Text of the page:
They loved him in January but soon enough it will be "Obama who?"
European countries that have offered to help the Obama administration close the detention center at Guantánamo Bay, Cuba, have begun raising questions about the security risks and requirements if they accept prisoners described by the Bush administration as “the worst of the worst,” according to diplomats and other officials.
The concerns, and a deep suspicion of whether the American intelligence community will share full information on the prisoners, are likely to complicate the resettlement effort, which is critical to President Obama’s fulfilling his pledge to close Guantánamo within a year of his taking office.
The offers, from Spain, Portugal, Italy, France, Belgium, Switzerland and other countries, have been widely seen as efforts to win favor with the new administration by helping to close the camp, which was a contentious issue during the Bush years.
Still, with a first round of talks on the Guantánamo issues scheduled for Monday in Washington between Obama administration officials and a high-level delegation from the European Union, several European leaders have recently emphasized that they can make no firm commitments until they are given complete details on the prisoners.
Its early in the process so it ought to be easy to write this story, since some of the Euro-objections are reasonable, particularly their 'who are these guys' plaint. On the other hand, the Times could have provided a bit of uplift had they found some Euro-leader pounding the table and declaring their commitment to making this work.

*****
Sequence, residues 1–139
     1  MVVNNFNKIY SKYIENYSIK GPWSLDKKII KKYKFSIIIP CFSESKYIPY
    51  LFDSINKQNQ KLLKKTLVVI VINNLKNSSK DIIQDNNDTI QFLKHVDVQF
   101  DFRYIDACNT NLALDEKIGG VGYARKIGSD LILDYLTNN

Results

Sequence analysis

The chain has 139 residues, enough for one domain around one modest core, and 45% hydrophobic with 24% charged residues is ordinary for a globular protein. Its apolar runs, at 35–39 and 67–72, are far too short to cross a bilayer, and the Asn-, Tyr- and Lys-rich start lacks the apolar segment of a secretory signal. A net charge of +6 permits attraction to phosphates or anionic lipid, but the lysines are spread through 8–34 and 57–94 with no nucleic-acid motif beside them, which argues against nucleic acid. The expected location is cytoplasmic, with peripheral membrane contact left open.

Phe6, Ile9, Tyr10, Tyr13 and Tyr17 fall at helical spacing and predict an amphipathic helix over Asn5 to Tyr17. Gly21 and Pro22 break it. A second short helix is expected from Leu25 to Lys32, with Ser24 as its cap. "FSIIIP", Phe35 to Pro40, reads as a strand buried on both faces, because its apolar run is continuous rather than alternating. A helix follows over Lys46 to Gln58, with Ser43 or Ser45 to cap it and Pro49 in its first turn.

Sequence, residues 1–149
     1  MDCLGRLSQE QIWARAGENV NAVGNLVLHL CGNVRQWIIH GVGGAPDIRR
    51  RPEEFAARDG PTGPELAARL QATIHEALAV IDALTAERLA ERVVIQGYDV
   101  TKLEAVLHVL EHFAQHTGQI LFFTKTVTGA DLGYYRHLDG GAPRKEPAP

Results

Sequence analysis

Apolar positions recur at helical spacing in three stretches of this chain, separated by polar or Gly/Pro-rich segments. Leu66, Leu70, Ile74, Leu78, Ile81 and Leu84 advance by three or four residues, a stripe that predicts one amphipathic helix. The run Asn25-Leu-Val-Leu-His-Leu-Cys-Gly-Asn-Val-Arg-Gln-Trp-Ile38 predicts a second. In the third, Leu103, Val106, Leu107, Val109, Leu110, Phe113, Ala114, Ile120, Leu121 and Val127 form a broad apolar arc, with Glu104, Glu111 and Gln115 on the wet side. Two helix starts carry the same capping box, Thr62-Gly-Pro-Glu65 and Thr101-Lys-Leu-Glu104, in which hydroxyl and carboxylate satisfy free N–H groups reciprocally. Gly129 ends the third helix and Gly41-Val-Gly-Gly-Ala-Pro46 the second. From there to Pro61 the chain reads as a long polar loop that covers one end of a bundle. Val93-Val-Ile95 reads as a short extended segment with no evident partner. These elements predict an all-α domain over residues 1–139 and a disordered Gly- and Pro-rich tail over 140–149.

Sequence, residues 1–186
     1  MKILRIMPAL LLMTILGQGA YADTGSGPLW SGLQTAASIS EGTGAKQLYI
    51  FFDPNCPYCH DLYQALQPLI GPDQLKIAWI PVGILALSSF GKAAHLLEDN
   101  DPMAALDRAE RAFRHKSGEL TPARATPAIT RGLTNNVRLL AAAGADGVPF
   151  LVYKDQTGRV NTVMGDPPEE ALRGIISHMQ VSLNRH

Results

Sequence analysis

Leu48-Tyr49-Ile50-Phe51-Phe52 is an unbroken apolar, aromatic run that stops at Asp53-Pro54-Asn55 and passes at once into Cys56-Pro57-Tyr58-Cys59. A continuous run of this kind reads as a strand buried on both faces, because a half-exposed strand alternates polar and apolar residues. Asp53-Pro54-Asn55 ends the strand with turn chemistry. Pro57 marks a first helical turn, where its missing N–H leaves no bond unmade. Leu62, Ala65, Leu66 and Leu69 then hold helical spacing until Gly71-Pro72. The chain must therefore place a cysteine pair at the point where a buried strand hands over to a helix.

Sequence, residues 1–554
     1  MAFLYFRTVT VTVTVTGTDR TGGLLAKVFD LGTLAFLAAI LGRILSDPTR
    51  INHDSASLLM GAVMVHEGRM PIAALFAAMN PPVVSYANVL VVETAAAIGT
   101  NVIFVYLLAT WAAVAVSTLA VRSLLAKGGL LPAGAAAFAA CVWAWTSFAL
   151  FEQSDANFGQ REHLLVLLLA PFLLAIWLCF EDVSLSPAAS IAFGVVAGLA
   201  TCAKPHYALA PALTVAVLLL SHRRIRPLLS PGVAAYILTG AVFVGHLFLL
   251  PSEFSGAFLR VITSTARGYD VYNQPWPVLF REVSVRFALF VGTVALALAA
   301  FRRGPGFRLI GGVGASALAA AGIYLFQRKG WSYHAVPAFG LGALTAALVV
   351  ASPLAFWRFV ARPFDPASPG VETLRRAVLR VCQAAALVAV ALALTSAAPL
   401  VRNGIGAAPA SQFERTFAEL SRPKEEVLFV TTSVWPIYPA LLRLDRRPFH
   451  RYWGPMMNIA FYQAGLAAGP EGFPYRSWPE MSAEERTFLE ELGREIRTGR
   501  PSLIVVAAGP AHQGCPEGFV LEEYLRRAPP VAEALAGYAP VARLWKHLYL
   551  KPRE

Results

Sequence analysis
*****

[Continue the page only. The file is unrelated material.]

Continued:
We especially like this obstacle:
The Bush administration often failed when it asked other countries to accept detainees, partly because those requests were usually accompanied by public comments defending the imprisonments by describing the detainees as dangerous terrorists.
The new administration is sending a different message. “We are less vested in trying to prove that these people are rightly held,” the senior State Department official said.
Given that stance by the Obama administration, some European officials say Washington’s focus on sending the detainees to Europe raises many questions.
Let's see - if the prisoners are dangerous, Europe doesn't want them; if they are not dangerous, the US ought to keep or release them.
I bet these guys had a lot of fun with "Which came first, the chicken or the egg?" when they were kids.